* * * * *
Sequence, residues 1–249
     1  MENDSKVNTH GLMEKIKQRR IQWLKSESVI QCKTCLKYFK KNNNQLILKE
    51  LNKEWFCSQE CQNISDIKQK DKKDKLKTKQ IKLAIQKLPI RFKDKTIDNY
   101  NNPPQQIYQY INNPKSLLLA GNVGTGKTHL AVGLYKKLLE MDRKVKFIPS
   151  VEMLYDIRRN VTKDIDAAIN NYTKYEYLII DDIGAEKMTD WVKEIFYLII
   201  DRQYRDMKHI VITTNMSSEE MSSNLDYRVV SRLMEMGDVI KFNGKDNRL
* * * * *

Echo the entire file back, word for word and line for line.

Sequence, residues 1–249
     1  MENDSKVNTH GLMEKIKQRR IQWLKSESVI QCKTCLKYFK KNNNQLILKE
    51  LNKEWFCSQE CQNISDIKQK DKKDKLKTKQ IKLAIQKLPI RFKDKTIDNY
   101  NNPPQQIYQY INNPKSLLLA GNVGTGKTHL AVGLYKKLLE MDRKVKFIPS
   151  VEMLYDIRRN VTKDIDAAIN NYTKYEYLII DDIGAEKMTD WVKEIFYLII
   201  DRQYRDMKHI VITTNMSSEE MSSNLDYRVV SRLMEMGDVI KFNGKDNRL